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by Kevin Fullam
How much do we compartmentalize our lives? When we're small, most of us can't envision our mothers as having any roles other than that of our chief caretaker. Careers? Passions? Not on the radar of a young child. Moms might be teachers/nurses/chefs rolled into one, but they scarcely exist in our minds outside of those boundaries.
Early on in The Lost Daughter, Leda Caruso (Olivia Colman) -- a 48-year-old professor on a "working holiday" at a resort town in Greece -- strikes up a conversation with visibly-pregnant Callie (Dagmara Domińczyk), and the subject turns to that of parenting.
Callie asks Leda an innocuous question about her memories of raising her two daughters (now adults), expecting a good-natured nostalgic response. Leda's reply? "Children are a crushing responsibility." And then she walks away. Full stop. Yikes.
Vacationing with Callie is Nina (Dakota Johnson), whose five-year-old daughter briefly goes missing, until located and safely returned by Leda. The experience triggers a series of flashbacks for Leda, as we start to understand just how "crushing" it was to her psyche to be a mother, decades earlier.
The memories come in snippets. The bickering with her young girls while saddled with professional responsibilities. The quiet envy when visited by a childless couple. (Well, not quite childless -- the male half of the couple admits that he has three sons, but "they live with their mother.")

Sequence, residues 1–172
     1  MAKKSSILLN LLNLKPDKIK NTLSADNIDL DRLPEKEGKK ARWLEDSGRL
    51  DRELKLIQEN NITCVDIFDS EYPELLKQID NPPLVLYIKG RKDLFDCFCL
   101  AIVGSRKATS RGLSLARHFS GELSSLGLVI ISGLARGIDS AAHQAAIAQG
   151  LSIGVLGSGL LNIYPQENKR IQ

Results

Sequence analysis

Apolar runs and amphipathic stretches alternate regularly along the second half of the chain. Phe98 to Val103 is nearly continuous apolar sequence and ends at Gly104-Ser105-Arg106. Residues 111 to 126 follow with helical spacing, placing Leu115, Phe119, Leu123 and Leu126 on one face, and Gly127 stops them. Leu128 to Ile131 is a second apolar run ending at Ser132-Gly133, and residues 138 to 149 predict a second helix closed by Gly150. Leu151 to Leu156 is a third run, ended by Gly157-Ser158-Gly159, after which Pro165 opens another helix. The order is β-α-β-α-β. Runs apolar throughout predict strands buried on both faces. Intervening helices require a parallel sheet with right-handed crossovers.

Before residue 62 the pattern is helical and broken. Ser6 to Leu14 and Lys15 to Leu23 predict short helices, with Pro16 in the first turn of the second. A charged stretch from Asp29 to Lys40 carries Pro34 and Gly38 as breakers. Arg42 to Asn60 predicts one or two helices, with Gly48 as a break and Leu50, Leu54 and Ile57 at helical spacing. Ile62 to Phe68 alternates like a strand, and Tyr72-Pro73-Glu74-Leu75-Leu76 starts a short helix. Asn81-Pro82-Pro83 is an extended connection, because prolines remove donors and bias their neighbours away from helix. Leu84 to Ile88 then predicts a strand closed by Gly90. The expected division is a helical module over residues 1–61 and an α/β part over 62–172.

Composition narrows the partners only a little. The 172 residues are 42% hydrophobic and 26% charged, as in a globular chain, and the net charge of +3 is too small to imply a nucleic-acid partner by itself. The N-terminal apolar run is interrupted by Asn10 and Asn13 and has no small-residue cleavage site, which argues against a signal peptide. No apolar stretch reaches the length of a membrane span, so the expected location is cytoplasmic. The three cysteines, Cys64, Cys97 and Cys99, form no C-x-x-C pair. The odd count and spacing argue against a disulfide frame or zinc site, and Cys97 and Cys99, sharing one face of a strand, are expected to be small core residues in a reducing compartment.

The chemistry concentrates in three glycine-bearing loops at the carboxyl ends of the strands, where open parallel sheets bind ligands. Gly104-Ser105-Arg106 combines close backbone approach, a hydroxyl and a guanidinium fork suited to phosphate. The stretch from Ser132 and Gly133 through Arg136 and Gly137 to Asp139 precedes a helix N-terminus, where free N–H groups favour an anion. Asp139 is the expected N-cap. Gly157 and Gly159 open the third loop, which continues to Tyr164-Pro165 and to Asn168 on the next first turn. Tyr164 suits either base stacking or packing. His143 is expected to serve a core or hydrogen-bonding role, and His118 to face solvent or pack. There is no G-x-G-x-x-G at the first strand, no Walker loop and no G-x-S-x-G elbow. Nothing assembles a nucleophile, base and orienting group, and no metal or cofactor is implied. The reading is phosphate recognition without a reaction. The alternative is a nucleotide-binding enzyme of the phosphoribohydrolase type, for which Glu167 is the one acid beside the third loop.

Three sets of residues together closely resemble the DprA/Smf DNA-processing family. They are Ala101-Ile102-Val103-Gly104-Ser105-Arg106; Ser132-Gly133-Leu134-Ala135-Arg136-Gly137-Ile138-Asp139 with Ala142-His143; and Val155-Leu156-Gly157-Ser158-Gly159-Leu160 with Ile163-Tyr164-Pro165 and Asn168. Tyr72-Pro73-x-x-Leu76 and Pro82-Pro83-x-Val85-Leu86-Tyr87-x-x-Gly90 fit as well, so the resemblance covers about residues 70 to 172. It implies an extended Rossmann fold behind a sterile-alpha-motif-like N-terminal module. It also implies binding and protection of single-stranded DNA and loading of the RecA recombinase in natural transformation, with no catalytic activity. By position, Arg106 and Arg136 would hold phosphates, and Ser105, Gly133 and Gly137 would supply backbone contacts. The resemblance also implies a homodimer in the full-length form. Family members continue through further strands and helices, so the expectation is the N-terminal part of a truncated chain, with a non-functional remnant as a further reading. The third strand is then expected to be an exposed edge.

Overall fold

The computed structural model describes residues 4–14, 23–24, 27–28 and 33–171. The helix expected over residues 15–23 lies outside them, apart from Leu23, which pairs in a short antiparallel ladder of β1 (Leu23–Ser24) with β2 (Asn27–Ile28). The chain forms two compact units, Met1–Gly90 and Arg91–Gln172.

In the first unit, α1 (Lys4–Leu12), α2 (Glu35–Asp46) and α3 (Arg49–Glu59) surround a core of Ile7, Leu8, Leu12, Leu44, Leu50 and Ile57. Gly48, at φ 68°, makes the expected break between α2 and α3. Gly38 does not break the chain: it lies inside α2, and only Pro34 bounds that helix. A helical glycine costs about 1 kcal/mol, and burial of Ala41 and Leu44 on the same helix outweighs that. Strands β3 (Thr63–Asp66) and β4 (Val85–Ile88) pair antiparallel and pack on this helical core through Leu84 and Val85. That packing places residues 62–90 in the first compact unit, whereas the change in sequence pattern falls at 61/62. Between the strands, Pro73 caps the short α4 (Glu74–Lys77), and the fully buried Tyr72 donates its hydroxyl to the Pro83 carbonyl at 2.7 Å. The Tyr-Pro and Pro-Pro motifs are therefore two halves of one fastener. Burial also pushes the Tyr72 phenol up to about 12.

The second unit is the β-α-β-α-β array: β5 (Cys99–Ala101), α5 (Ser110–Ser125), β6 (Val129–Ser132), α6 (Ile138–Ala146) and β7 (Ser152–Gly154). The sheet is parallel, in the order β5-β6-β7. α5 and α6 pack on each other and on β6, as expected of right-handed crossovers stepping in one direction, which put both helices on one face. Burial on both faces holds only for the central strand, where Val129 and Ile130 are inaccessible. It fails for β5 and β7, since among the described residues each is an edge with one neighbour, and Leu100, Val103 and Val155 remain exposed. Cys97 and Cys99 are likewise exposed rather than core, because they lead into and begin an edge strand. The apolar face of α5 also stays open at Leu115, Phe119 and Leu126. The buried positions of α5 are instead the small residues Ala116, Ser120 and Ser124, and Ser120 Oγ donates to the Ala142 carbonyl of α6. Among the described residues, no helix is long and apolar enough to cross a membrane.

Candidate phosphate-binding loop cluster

And strongest of all, the longing Leda feels for a colleague (Peter Sarsgaard) she meets while out of town at an academic conference. The fellow professor tells Leda that, as the married party, she'll "have to make the first move." And she does.
There are no pretensions here, as Leda is fully cognizant of her own selfishness, and along the way, we suspect that something monumental happened between her and her children... but we're not sure exactly what. (Yes, there is an Act III reveal.)
Both Colman as present-day Leda and Jessie Buckley as her younger self are the engines that drive this film, and it's a testament to both performers that we can feel their anguish while simultaneously excoriating them for their shortcomings.
The Lost Daughter is a stellar directorial debut from Maggie Gyllenhaal, and while she adapted the screenplay from an Elena Ferrante novel, there's certainly the sense that Gyllenhaal -- with two children of her own -- is speaking from experience here. (Though if we're following that particular track, one can't help but also notice that she cast her real-life husband, Sarsgaard, as the academic paramour...)
How we feel about Leda will vary from viewer to viewer, but aren't the most interesting protagonists drawn in shades of gray?
The 2021 Chicago Critics Film Festival runs November 12th to November 14th. Follow @chicagocritics for updates!
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